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The effect of search imperfections on commuting behaviour: Evidence from employed and self-employed workers

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  • van Ommeren, Jos N.
  • van der Straaten, J. Willemijn

Abstract

We aim to estimate the effect of search imperfections on the length of the average commute. We start from the assumption that the commute of the self-employed is the result of a search process for vacant workplaces, whereas employees search for vacant jobs. Because the arrival rate of workplaces is much higher than the arrival rate of jobs, the self-employed minimize the commute, whereas employees may have to accept jobs with a longer commute. In the empirical analysis, the extent of the 'wasteful' or 'excess commuting' is identified by estimating the difference in the commute of employees and self-employed individuals. Our estimates indicate that about 40 to 60% of the observed commute may be considered 'excess' due to search imperfections. We reject a range of alternative hypotheses as to why the self-employed have a shorter commute than employees (self-selection of not working from home, preference for residence and workplace locations, characteristics of workers which are difficult to observe).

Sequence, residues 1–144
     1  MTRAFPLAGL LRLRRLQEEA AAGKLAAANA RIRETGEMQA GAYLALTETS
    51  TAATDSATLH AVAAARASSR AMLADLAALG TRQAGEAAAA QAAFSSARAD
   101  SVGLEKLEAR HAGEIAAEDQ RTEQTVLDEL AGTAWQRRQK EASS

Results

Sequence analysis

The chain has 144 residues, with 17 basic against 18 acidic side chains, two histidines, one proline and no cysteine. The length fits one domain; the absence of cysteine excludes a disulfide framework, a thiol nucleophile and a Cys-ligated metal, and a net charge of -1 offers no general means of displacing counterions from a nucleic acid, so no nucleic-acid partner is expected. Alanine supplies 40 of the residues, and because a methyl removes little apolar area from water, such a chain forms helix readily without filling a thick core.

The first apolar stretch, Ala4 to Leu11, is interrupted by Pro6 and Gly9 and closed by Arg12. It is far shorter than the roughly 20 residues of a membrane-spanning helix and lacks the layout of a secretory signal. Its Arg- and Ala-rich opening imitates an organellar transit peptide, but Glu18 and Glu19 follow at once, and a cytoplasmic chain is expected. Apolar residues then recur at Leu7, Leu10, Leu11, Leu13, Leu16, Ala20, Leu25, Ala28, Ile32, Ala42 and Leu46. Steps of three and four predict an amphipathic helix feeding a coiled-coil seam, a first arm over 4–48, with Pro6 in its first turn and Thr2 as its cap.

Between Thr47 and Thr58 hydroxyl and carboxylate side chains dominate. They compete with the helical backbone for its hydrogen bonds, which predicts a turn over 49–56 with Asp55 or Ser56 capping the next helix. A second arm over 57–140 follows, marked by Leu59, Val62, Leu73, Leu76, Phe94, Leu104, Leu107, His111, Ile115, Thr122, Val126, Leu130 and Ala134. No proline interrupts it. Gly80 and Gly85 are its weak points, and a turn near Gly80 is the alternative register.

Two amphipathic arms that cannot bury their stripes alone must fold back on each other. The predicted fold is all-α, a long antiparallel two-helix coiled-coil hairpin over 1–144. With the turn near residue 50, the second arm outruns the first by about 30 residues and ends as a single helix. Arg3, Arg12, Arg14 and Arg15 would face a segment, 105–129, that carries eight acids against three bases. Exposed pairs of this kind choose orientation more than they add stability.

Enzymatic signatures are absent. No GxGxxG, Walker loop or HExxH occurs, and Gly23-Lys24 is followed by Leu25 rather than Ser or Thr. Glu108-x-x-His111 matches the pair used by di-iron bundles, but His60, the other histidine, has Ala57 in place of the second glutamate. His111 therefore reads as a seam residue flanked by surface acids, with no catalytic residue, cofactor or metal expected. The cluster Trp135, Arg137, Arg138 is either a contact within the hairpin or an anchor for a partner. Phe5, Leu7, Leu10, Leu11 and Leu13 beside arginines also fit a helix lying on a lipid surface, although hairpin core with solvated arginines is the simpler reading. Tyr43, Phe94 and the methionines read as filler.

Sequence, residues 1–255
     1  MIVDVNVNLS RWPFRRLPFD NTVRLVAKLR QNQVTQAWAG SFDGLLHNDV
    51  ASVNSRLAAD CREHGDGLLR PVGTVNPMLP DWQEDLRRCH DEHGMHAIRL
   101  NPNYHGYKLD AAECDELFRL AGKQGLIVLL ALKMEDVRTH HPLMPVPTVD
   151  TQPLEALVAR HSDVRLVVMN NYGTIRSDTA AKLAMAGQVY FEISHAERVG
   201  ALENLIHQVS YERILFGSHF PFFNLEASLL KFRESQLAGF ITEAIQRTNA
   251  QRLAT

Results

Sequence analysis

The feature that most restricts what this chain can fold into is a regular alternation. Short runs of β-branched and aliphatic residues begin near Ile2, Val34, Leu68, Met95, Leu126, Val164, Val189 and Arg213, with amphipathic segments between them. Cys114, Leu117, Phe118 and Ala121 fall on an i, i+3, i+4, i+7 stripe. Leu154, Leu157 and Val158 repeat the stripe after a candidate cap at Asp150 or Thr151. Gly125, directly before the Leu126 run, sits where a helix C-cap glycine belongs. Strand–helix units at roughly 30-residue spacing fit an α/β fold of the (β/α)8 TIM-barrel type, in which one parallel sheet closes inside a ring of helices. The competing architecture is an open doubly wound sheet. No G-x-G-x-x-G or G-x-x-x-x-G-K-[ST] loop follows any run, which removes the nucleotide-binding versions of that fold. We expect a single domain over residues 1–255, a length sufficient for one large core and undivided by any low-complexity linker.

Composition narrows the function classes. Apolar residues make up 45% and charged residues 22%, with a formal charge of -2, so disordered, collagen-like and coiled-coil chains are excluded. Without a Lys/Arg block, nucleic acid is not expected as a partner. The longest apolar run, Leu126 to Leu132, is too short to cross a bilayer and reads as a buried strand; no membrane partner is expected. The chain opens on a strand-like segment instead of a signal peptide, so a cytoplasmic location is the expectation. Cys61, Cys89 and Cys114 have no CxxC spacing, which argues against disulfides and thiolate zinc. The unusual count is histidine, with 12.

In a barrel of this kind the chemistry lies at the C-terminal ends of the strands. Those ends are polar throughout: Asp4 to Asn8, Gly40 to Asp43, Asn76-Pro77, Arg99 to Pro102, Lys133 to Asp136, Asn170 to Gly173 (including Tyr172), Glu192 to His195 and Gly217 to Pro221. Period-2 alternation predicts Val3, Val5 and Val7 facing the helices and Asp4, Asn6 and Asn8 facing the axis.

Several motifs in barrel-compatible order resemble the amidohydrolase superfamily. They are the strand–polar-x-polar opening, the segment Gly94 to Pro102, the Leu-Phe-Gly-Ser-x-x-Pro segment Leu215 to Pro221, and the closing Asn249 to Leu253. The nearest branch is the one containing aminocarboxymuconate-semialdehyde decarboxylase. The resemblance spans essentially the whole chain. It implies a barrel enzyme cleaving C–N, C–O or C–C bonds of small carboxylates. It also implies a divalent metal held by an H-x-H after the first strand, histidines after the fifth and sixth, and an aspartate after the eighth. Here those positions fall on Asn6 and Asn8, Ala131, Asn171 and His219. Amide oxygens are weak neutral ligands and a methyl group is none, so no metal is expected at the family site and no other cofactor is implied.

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Bibliographic Info

Article provided by Elsevier in its journal Regional Science and Urban Economics.

Volume (Year): 38 (2008)
Issue (Month): 2 (March)
Pages: 127-147

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Handle: RePEc:eee:regeco:v:38:y:2008:i:2:p:127-147

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References

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  24. Crane, Randall, 1996. "The Influence of Uncertain Job Location on Urban Form and the Journey to Work," Journal of Urban Economics, Elsevier, vol. 39(3), pages 342-356, May.
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Cited by:
  1. Weiss, Martin, 2009. "How do Germans react to the commuting allowance?," arqus Discussion Papers in Quantitative Tax Research 88, arqus - Arbeitskreis Quantitative Steuerlehre.
  2. Van Ommeren, Jos & Fosgerau, Mogens, 2009. "Workers' marginal costs of commuting," Journal of Urban Economics, Elsevier, vol. 65(1), pages 38-47, January.
  3. Stefan P.T. Groot & Henri L.F. de Groot & Paolo Veneri, 2012. "The Educational Bias in Commuting Patterns: Micro-Evidence for the Netherlands," Tinbergen Institute Discussion Papers 12-080/3, Tinbergen Institute.

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